jobs, but American manufacturing output has increased during that time; meaning the jobs
are being lost to computers and robots, not to other countries or people. We’re seeing automation take over jobs more
and more every day. Just a few examples include with self-checkout
lanes at the grocery store or McDonald’s automated menus. In the future, more jobs are expected to be
lost to automation. Drones are already being tested for deliveries
by companies like Amazon. Notably, by 2020, self-driving cars are expected
to be the norm and this will eliminate all driving jobs. It is expected to get so bad that, over the
next 20 years in a country like Canada, four out of 10 jobs will be lost to automation. So what do you want to do? Join the army or the Reconstruction and Reclamation
Corps? 4. Earth by David Brin David Brin is best known for writing the book
The Postman, which was made into one of Kevin Costner’s worst movies (and that is saying
something). In 1989, Brin published the novel Earth, which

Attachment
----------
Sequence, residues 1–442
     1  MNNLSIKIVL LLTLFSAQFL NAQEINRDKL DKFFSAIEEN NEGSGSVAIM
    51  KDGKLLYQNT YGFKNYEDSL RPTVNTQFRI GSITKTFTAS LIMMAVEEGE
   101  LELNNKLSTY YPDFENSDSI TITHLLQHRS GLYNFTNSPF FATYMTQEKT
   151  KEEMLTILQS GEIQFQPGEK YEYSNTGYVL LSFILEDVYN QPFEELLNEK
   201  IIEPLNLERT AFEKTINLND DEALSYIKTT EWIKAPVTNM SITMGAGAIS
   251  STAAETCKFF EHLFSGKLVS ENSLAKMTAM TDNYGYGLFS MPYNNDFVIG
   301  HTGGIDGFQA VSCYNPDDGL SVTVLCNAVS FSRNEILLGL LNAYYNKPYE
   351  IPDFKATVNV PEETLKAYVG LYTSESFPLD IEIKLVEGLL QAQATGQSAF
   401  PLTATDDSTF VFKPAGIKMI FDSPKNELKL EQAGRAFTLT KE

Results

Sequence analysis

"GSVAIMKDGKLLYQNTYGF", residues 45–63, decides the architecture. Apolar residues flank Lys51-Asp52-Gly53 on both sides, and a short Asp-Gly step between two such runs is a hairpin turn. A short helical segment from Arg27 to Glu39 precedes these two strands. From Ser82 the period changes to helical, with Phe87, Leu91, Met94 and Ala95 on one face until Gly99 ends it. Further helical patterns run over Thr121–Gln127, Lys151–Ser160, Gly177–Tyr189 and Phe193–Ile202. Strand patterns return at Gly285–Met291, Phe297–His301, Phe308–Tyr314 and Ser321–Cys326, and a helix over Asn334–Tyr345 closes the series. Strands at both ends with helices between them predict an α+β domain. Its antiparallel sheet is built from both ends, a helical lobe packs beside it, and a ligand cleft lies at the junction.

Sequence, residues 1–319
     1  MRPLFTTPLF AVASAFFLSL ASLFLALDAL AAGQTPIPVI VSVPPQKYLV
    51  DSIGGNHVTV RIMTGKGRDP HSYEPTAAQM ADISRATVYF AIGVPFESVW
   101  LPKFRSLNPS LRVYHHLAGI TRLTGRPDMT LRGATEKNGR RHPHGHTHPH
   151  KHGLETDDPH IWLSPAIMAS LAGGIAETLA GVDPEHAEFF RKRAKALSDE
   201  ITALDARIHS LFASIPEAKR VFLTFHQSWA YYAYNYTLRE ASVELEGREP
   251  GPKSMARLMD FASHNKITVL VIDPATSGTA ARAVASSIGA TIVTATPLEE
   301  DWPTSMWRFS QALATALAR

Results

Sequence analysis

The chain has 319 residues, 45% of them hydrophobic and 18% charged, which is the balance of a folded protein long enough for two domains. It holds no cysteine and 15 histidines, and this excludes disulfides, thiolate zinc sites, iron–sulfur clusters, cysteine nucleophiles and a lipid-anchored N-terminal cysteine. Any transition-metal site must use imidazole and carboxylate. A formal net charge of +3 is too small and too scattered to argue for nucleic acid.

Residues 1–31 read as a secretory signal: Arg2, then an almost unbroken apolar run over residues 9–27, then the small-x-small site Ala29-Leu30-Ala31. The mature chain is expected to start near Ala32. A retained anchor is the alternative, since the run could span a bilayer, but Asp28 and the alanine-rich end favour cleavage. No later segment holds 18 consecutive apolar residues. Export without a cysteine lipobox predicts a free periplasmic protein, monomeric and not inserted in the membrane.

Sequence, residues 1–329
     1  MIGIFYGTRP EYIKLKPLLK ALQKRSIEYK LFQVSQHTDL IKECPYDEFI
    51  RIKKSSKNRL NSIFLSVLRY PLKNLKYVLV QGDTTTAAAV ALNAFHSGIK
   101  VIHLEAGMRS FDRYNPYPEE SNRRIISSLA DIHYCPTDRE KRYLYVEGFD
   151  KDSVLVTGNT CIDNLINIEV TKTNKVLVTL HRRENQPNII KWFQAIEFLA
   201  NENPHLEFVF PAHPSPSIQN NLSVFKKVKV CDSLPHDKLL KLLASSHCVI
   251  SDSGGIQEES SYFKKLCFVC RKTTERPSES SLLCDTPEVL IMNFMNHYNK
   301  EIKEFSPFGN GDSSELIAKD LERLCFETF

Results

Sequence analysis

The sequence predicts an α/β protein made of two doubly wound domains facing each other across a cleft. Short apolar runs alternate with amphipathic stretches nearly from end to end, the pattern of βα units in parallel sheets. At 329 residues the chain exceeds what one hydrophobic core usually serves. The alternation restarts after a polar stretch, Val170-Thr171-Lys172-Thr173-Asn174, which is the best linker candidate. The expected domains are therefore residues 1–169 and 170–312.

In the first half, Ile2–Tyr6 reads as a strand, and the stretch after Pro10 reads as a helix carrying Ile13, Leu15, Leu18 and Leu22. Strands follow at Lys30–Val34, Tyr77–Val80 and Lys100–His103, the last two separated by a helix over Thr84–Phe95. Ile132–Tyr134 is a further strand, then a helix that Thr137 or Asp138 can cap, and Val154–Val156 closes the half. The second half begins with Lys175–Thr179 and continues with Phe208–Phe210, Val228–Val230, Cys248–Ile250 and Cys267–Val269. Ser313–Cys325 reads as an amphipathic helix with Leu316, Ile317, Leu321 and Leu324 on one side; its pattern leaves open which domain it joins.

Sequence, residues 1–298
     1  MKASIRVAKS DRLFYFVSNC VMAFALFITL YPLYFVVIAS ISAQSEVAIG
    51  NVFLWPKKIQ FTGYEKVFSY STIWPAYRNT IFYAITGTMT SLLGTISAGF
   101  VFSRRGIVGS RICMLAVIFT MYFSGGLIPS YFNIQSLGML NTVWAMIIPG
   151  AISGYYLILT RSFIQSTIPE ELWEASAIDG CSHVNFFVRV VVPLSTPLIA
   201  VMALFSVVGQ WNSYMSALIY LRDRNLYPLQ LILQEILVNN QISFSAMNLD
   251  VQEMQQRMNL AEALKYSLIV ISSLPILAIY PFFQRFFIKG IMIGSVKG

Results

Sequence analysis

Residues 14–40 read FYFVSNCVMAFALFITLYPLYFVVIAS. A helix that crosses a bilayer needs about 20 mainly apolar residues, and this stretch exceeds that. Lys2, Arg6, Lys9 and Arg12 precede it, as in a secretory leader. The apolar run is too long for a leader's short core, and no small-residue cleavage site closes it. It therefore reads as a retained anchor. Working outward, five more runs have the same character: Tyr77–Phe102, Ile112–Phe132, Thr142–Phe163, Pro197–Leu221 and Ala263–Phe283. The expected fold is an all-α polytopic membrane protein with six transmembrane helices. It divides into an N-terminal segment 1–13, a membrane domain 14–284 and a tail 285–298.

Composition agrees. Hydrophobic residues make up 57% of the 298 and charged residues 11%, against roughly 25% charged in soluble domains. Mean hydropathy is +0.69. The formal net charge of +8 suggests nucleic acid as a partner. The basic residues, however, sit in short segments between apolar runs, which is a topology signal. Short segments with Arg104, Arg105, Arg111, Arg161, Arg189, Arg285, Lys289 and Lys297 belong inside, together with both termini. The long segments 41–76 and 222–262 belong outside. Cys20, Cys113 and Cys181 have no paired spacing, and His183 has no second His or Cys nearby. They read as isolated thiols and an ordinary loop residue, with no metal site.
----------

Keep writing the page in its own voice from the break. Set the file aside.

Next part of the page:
takes place in the year 2038. While the novel does have a plot, the book
is more or less Brin’s predictions about the future. If you’re curious what the plot is, it’s
that an artificial black hole has fallen into the Earth’s core. Scientists have a year to fix it, or the Earth
may be destroyed. The book has a large cast of characters and
through these characters, Brin explores what life might be like in the future. Currently, there is a website that keeps track
of his predictions, and there are 14 predictions confirmed to have come true and another eight
that are likely. Some of the predictions that Brin did get
right are global warming, rising sea levels, and the breaking of the levees on the Mississippi
River. Another natural disaster that is postulated
in the book that came true was the Fukushima Nuclear Disaster. In 1990, people knew about the internet, but
Brin accurately predicted the World Wide Web that was invented by Tim Berners-Lee a year
after the book was published. On the “net,” as Brin calls it, there
are pages full of hyperlinks. Brin also thought that the net would be used
by major news outlets and citizen reporters, along with everyday people who wanted to express
themselves. Finally, he also foresaw spam and Trojan horse
viruses. At the time of this list, Brin still has about
21 years to be proven right on the rest of his predictions. So far, only one prediction from his book
has been disproven. In Earth, the characters haven’t discovered
any Earth-like planets and they didn’t think they would be found any time soon. In reality, we have found several Earth-like